Clean amp vs Dirty amp

Discussion in 'Amps and Cabs [BG]' started by Sapatown, Aug 20, 2021.

  1. Sapatown


    Sep 16, 2016

    Is a clean amp better to run with distortion or fuzz pedals than a dirty amp?

    I am asking because I basically have an Matamp GT200 MK1 on the way (which is supposed to be cleaner than MK2). I was considering an Orange AD200B, but went Matamp GT200, and since its my first tube amp I am really curious to know.

    In my mind a BASS amp that overdrives easily, would just be overkill to throw lots of fuzz at.

    While cleaner but LOUD bass amp will makr the dirt pedals more prominent, right? So the sounds of the pedals are more obvious than mixed with the amps personal overdrive.

    So the clean amp functions more like a blank canvas for the pedals to show their individual sounds.

    I love dirt and distortion, but I have a limit to my taste aswell, so I don't want it to be overkill.

    I am used to play Ampeg PF800, which is a really clean SS amp. But can go crazy loud through my Ampeg 810e. And I love how the pedals work there.

    I understand that for guitarists its the opposite. If they have a really dirty amp, the dirt pedals go hand in hand. But for bass too?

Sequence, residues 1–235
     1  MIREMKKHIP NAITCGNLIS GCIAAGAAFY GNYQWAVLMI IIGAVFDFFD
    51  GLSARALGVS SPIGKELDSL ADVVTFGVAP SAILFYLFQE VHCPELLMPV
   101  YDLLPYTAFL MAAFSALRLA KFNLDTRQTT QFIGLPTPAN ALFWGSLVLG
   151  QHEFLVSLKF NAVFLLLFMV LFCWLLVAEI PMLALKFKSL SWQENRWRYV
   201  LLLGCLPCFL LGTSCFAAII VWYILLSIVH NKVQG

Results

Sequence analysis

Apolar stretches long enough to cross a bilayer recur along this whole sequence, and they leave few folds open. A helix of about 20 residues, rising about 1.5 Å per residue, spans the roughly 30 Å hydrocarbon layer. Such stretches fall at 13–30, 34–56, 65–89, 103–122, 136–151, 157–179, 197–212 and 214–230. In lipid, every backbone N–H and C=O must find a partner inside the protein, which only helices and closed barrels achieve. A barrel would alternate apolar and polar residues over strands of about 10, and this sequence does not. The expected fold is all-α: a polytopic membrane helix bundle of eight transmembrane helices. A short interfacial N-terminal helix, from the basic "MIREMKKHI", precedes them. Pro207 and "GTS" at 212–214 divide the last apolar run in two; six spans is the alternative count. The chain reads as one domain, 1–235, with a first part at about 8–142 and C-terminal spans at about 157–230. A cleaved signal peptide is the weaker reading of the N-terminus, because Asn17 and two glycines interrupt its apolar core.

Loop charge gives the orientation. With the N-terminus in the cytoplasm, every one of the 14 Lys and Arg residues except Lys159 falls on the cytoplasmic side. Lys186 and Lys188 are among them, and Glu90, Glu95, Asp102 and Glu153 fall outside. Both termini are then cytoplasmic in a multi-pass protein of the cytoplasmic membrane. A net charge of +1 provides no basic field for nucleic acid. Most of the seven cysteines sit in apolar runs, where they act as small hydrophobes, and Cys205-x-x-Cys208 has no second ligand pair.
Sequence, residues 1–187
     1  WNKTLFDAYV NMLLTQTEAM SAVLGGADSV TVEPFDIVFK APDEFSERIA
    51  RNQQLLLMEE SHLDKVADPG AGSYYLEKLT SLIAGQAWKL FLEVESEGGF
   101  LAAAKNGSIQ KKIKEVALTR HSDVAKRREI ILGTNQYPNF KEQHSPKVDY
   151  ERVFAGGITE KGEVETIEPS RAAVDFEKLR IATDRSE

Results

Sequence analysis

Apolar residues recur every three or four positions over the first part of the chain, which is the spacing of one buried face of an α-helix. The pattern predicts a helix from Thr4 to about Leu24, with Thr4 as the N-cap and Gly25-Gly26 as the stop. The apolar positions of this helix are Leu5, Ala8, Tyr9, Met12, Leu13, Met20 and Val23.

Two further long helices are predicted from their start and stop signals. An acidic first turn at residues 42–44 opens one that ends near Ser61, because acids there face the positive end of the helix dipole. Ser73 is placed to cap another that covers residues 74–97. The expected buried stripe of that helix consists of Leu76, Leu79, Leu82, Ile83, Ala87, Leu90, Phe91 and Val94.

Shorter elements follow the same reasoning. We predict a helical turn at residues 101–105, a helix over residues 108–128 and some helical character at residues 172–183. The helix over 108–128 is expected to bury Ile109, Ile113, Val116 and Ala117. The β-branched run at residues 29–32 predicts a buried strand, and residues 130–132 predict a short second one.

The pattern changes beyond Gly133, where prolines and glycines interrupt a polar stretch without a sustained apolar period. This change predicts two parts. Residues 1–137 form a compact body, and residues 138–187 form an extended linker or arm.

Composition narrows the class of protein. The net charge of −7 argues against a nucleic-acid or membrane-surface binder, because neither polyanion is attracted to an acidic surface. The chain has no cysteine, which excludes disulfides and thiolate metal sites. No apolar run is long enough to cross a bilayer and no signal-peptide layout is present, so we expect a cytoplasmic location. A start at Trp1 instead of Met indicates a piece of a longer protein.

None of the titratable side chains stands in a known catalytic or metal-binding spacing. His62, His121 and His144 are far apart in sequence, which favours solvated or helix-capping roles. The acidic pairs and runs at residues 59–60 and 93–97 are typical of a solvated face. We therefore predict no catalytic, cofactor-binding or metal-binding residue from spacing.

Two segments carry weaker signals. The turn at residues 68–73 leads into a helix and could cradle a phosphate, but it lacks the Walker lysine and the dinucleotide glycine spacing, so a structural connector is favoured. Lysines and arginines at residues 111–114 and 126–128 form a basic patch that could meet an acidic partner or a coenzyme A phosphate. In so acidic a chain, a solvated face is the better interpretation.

Hope I don't will regret the Matamp GT200 regarding its cleaness. Oh, I play loud metal/stoner rock in a threepiece.

    DrThumpenstein likes this.
  2. Wasnex


    Dec 25, 2011

    IMHO there is no right or wrong answer here. It depends on the sound you want.

    I am not aware of the MKII necessarily being cleaner than the MKI. Actually when Matamp introduced the MKII, they claimed it made more clean power. It's possible the MKII may have a higher gain preamp though, as the MKI preamp is very low gain.

    @bassboysam has posted quite a few videos of his MKI in action. Here's a post with a working video link: Matamp GT200 In Action

    I have not played a GT200, but I own a vintage GT120 and AFAIK the GT200 is very similar. My GT120 was designed to be clean, but it's one of the best amps in my collection for output drive.

    I doubt you have anything to worry about with the incoming GT200. The only potential problem is it may be necessary to play really loud to get the sound you want without some sort of drive pedal. Of course whether it's a problem depends somewhat on your cabs and how loud you like to play.